A review of The Theory of Flesh by Francine Witte

Reviewed by Charles Rammelkamp

The Theory of Flesh
by Francine Witte
Kelsay Books
2019, $16.00, 78 pages, ISBN: 978-1950462278

The Theory of Flesh states that “it’s up to you / to give your flesh what it’s asking / for.” The pursuit of happiness. Go for it! Only, so much is out of our control. “How the Trouble Started” clues us in, in case we had any doubts: “The ocean licked the land, and that’s / when man crawled out, two-legged / fish with opposable thumbs, fashioning tools.” Like a scientist of existential torment, with a Ph.D. in Angst Studies, Francine Witte spells out the origins of regret, heartbreak and loss in this comprehensive, tender collection of poems.

Fittingly, the collection begins, Darwin-like, with “Evolution.”

First, the ape,
paw-digits poking
at sticks. Monkeybrain
seemed to want
a fire.

The results are anti-climactic, a little disappointing, to tell the truth, as we learn later on in the poem:

Now there’s us.
Filthy with fires
and bloated with words.
We are scorched with war,
and we say nothing.

Witte fits the human drama into the larger cosmic order, a bigger bang. In “I Look to the North” she writes:

And maybe the earth is turning adult,
and one day soon, it will be meeting
the other planets for coffee, all of them
heaving a sigh of relief about the rash
of humans the earth used to have.

Particularly in the second section of the book, Witte also gets into the weeds of human relationships, where the rubber of The Theory of Flesh meets the road, where theory meets evidence. In poem after poem we meet people who likewise develop, evolve, just as the universe does, but whose hearts get broken along the way nevertheless, as they strive to give the flesh what it’s looking for. In poems like “A Stranger Shows Up, and He Looks Just Like You,” “Questionnaire,” “So When Michael Says Goodbye,” “The Night He Left Me for Another Woman,” “After the Movie” and ”We Sit at the Corner Table” Witte shows us the sad end of love, the suffering it leaves in its wake. “Love // has a lifeline, blips and ticks and then plain / flat,” she writes in “A Stranger Shows Up…” When Michael says goodbye? “this time he means it. / No more calling you late at night, / half-drunk and horny.” And they sit at that corner table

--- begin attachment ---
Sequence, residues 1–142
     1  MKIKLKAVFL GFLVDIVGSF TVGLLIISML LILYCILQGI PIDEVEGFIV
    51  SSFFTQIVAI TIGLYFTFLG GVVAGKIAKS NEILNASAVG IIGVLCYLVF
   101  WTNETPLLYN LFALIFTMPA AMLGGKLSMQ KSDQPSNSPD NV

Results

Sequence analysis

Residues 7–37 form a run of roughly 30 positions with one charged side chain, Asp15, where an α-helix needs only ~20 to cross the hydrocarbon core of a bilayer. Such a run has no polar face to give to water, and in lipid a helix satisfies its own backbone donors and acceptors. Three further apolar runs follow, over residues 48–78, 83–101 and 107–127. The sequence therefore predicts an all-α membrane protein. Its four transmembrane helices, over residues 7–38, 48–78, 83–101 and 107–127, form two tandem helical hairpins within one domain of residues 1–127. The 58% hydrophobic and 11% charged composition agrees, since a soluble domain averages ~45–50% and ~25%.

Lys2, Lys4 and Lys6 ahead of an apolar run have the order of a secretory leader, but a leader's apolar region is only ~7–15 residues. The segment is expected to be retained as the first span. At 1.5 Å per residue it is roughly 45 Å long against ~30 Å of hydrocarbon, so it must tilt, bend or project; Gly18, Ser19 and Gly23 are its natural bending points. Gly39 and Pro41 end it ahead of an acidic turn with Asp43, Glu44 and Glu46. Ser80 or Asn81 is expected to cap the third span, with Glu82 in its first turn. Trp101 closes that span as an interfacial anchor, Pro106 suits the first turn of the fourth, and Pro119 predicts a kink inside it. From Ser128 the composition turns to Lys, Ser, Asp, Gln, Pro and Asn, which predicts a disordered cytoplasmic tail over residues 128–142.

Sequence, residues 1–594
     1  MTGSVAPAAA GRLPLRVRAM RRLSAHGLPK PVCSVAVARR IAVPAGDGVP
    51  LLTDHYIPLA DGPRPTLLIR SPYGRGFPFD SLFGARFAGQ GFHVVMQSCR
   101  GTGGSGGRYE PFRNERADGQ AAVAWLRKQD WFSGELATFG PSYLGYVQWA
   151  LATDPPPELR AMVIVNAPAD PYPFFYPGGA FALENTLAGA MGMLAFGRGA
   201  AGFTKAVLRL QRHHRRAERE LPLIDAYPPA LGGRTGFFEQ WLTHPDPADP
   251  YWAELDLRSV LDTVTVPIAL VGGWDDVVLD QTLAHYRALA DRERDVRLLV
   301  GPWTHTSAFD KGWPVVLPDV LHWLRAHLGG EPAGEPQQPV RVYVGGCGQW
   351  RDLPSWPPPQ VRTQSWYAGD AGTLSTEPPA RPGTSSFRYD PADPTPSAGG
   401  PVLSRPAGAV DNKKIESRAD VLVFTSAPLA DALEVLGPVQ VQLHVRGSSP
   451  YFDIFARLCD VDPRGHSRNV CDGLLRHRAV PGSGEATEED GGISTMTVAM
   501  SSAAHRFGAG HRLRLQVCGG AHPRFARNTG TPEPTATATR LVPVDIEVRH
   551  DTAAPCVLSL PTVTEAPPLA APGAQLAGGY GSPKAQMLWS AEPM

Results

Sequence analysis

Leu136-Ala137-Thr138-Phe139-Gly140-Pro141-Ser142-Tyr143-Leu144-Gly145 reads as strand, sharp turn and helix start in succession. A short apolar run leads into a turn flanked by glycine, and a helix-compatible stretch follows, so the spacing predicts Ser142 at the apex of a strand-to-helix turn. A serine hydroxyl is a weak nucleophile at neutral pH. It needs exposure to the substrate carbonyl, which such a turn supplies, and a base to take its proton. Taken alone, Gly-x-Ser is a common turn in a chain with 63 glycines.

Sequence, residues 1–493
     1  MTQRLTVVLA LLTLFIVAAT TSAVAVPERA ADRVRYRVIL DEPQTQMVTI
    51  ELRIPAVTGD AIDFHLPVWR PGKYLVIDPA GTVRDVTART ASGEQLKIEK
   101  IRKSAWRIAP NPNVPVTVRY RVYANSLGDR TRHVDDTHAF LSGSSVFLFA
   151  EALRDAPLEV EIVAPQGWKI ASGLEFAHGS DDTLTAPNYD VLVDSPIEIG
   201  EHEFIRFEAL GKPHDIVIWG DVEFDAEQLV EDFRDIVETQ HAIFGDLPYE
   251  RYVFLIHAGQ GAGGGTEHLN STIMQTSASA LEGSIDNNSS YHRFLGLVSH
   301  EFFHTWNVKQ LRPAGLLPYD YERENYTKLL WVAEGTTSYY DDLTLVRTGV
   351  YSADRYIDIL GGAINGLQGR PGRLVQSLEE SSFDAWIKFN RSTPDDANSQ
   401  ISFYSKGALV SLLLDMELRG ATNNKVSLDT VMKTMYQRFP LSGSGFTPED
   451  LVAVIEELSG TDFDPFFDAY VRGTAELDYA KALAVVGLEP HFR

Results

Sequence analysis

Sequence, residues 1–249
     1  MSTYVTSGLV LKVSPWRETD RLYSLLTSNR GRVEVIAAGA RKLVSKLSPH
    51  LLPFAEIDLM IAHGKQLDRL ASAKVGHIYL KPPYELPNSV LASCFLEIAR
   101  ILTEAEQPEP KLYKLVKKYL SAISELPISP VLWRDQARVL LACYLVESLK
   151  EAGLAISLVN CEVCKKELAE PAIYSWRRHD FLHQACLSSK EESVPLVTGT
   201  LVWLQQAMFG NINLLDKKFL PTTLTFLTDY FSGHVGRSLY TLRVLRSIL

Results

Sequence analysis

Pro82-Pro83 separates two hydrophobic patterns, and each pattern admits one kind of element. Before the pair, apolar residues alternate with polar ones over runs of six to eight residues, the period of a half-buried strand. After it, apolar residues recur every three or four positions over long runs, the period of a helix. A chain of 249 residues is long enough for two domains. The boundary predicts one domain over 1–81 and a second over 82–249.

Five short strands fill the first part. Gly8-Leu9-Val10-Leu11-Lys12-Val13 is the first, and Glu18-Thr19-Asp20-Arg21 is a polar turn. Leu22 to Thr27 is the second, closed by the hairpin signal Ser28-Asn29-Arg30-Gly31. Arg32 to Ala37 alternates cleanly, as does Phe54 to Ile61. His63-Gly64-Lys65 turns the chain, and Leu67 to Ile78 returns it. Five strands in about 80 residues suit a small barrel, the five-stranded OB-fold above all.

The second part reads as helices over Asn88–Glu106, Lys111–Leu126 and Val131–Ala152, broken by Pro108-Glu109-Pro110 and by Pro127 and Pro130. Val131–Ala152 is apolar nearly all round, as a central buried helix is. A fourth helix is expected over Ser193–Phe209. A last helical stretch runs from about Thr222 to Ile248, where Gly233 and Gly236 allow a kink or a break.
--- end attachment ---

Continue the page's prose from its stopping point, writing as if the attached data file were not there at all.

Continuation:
because no one needs to see the end
of love. To the untrained eye, we are
romance, a cuddle of arms and shoulders
tucked off to the side, our love bunched
up in the restaurant’s elbow. But it’s not
an elbow, it’s more of a closing fist….

Other poems are equally heartbreaking takes on human frailty and plain dumb luck. In “Bad Enough,” a woman’s husband cheats on her with an underage girl whose father “now gone / booze crazy” has disowned his daughter, and when the straying husband and the girl drown in an accident, “would later send me the bill for his daughter’s / burial.” Salt in the wounds! In “How the Car Was in Neutral,” a mother leaves her baby strapped into the carseat for just a second to wipe birdshit off the windshield, when the car suddenly starts to roll, unstoppable, with tragic results. As in a horror movie, Witte makes us feel the mother’s frantic behavior:

How the wiper blade
would snap as the dinosaur weight
began to build, what she would later
tell the grief counselor was like death
winning an arm wrestle. How all the time, the baby
was strapped in good and tight….

“Two Old Sisters” shows us how the rivalry between two siblings persists through time, even when it no longer matters. “The two old sisters sitting now / by a window. Evened out by age. // The secrets they are still holding / on to, covering them like a shawl.”

Divided into three sections, the poems in the third, as in the first, expand to the larger, general context of human existence, poems like “Grief” (“is a slow eat / through the dirt.”); “Doubt” (“Maybe you are the same / amount of alive when you are asleep as when / you are running a marathon.”); “Dogs Know” (“Dogs know, but they can’t tell you. / We are the ones with speech. / Stupid irony.”); “11:59” (“But here you are / face to face with need, the spices on the wallrack // eyeing you like a jury. You think in this space / before tomorrow that you shouldn’t have to explain / yourself anymore.”).

This poem, “11:59,” which is about insomnia, begins “when you sleepstumble into the late / night kitchen….” Witte’s invention of words like “sleepstumble” is one of the true joys of her poetry. We’ve already seen “paw-digits” and “Monkeybrain” above, but others can be found in “Forgetting You Is Like a Lion,” which begins “pawhappy and swatting…” and in “Exactly How Many Me’s Are There?” where she writes about her mother, “I teenager-ed myself / away from her.”

To sum it all up, the penultimate poem in this wonderful collection, entitled “Thirst,” ends:

And every night
we realize, how exactly the same we have become
older than our whole lives, younger only than our death.

About the reviewer: Charles Rammelkamp is Prose Editor for BrickHouse Books in Baltimore and Reviews Editor for The Adirondack Review. A chapbook of poems, Jack Tar’s Lady Parts, is available from Main Street Rag Publishing. Another poetry chapbook, Me and Sal Paradise, was recently published by FutureCycle Press. An e-chapbook has also recently been published online Time Is on My Side (yes it is).  Another chapbook, Mortal Coil, is forthcoming from Clare Songbirds Publishing.